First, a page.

Claude Lévi-Strauss, the French anthropologist who transformed Western understanding of what was once called "primitive man" and who towered over the French intellectual scene in the 1960s and '70s, has died at 100.
His son Laurent said Mr. Lévi-Strauss died of cardiac arrest Friday at his home in Paris. His death was announced Tuesday, the same day he was buried in the village of Lignerolles, in the Côte-d'Or region southeast of Paris, where he had a country home.
"He had expressed the wish to have a discreet and sober funeral, with his family, in his country house," his son said. "He was attached to this place; he liked to take walks in the forest, and the cemetery where he is now buried is just on the edge of this forest."
A powerful thinker, Mr. Lévi-Strauss was an avatar of "structuralism," a school of thought in which universal "structures" were believed to underlie all human activity, giving shape to seemingly disparate cultures and creations. His work was a profound influence even on his critics, of whom there were many. There has been no comparable successor to him in France. And his writing — a mixture of the pedantic and the poetic, full of daring juxtapositions, intricate argument and elaborate metaphors — resembles little that had come before in anthropology.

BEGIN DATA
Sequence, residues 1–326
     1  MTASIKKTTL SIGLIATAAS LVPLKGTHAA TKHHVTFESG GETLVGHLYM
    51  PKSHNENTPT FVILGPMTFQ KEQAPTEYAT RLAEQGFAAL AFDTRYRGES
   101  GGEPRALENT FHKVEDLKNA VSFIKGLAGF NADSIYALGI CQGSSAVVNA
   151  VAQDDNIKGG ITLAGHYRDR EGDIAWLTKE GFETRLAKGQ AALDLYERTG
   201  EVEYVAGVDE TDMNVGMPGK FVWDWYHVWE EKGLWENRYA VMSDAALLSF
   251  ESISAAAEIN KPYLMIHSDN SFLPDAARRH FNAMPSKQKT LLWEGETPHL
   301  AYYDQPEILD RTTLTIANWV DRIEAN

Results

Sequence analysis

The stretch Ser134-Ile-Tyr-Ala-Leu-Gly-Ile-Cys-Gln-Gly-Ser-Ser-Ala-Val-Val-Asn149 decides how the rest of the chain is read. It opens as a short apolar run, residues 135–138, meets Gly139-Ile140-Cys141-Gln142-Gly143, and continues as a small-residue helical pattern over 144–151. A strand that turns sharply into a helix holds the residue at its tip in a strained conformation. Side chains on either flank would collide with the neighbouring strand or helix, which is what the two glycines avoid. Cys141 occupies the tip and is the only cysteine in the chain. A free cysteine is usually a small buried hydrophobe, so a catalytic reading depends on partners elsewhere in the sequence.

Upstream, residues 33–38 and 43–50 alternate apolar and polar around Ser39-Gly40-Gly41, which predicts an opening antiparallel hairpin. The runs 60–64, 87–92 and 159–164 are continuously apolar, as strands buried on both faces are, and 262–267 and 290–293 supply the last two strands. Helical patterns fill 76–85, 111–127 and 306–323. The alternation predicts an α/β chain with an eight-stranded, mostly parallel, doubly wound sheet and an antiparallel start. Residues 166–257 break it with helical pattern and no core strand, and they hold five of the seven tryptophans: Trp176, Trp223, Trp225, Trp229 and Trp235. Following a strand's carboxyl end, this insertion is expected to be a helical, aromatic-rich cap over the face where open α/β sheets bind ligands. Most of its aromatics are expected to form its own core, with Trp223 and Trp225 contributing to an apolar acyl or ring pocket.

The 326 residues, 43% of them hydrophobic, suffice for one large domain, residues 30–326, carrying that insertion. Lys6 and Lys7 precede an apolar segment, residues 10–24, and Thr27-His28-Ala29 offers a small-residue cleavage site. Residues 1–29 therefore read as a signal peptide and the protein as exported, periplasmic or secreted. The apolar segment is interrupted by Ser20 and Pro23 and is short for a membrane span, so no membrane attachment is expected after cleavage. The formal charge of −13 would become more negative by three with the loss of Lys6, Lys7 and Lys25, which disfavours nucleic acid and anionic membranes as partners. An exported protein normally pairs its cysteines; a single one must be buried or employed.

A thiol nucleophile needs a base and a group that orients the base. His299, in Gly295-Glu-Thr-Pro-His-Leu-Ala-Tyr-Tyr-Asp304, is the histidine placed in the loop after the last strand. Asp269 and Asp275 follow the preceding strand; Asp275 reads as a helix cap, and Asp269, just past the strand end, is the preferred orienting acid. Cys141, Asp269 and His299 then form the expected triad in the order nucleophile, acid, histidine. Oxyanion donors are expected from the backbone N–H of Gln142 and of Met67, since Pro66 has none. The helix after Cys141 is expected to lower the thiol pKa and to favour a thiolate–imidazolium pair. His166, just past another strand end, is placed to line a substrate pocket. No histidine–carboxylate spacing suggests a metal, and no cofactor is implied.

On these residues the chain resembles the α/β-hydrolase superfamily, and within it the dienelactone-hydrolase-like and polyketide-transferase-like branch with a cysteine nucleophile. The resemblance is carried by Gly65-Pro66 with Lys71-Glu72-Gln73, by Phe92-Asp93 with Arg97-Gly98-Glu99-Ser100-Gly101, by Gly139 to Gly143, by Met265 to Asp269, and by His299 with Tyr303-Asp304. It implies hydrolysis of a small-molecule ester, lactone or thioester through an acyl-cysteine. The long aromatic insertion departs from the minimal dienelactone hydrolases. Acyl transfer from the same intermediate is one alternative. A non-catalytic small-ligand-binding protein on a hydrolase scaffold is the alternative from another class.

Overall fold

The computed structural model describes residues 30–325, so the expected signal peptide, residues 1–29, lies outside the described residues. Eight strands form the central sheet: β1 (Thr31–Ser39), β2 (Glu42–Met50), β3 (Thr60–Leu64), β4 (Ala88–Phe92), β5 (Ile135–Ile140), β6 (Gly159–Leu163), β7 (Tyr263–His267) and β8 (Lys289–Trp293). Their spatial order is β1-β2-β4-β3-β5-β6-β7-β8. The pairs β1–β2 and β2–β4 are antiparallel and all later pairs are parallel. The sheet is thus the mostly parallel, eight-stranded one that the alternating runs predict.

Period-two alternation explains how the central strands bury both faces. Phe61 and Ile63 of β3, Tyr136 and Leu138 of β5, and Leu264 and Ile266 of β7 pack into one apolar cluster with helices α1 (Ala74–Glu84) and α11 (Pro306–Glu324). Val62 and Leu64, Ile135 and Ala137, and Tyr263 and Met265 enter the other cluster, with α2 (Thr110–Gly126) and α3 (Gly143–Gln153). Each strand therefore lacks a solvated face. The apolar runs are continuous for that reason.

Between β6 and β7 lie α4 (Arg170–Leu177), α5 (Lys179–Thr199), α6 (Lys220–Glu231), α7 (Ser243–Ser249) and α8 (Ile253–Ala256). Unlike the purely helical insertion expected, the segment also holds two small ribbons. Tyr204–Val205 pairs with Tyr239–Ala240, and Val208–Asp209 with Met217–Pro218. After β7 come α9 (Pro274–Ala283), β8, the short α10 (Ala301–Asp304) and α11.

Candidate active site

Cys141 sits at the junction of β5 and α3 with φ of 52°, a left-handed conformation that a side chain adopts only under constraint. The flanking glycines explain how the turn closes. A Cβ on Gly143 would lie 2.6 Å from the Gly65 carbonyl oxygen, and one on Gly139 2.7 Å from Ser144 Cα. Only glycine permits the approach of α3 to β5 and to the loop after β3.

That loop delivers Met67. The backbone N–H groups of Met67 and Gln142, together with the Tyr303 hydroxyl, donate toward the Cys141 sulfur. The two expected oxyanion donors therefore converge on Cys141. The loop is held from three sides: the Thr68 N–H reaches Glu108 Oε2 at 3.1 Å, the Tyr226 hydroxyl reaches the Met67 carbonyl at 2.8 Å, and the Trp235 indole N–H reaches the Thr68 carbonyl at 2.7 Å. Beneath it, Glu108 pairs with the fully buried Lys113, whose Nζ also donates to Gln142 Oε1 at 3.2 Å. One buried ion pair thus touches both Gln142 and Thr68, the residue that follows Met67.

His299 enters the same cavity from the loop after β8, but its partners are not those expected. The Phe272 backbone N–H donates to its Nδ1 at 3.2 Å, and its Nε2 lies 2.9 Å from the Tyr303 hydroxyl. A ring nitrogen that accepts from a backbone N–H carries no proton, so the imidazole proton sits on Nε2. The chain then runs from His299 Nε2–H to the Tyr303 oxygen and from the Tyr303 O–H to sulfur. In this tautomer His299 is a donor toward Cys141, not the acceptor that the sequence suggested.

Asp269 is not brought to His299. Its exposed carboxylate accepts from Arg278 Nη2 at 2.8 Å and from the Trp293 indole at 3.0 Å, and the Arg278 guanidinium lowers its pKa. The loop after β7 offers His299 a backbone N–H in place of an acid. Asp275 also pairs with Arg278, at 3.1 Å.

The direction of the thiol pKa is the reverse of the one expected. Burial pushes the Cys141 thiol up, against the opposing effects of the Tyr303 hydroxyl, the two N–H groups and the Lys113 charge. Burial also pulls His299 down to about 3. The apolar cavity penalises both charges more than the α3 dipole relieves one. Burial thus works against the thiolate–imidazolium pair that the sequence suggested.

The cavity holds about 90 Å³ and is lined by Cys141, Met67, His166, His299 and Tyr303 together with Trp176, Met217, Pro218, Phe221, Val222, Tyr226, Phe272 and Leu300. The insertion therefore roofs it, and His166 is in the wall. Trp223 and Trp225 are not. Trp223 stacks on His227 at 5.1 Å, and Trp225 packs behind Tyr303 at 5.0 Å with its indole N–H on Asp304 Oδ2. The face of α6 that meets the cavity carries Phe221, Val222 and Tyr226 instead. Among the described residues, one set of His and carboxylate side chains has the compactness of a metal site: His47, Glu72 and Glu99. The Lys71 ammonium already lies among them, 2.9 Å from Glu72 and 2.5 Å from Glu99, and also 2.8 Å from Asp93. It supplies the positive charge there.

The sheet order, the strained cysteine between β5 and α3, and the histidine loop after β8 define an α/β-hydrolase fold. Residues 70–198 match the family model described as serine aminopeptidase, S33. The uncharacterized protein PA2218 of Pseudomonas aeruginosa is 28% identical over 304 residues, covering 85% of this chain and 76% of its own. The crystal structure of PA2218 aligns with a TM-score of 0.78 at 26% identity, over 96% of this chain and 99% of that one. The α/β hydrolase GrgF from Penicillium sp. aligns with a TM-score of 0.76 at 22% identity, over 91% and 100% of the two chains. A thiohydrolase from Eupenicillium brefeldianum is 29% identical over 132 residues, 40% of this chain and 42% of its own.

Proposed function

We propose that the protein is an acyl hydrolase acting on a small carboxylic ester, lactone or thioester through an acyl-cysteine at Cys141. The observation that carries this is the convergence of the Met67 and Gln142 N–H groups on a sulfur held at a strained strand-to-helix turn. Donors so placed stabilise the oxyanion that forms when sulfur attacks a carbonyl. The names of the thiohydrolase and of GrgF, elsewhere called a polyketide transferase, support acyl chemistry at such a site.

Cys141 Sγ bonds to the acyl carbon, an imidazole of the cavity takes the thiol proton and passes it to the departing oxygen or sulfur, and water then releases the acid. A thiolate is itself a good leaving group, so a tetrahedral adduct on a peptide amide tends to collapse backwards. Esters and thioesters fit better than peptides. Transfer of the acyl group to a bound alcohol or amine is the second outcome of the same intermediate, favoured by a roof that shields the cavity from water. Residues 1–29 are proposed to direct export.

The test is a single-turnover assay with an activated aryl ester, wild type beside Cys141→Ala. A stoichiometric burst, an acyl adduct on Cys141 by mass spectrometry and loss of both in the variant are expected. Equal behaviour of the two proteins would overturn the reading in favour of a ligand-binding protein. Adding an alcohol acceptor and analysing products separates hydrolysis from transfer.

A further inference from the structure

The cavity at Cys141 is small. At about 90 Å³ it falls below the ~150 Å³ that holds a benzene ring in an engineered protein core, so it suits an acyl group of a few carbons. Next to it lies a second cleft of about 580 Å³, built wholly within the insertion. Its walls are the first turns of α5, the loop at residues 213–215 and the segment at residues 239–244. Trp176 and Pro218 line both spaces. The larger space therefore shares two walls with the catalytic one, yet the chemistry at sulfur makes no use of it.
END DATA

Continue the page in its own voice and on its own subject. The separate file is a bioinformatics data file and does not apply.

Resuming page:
"People realize he is one of the great intellectual heroes of the 20th century," Philippe Descola, the chairman of the anthropology department at the Collège de France, said last November in an interview with The New York Times on the centenary of Mr. Levi-Strauss's birth. Mr. Lévi-Strauss was so revered that at least 25 countries celebrated his 100th birthday.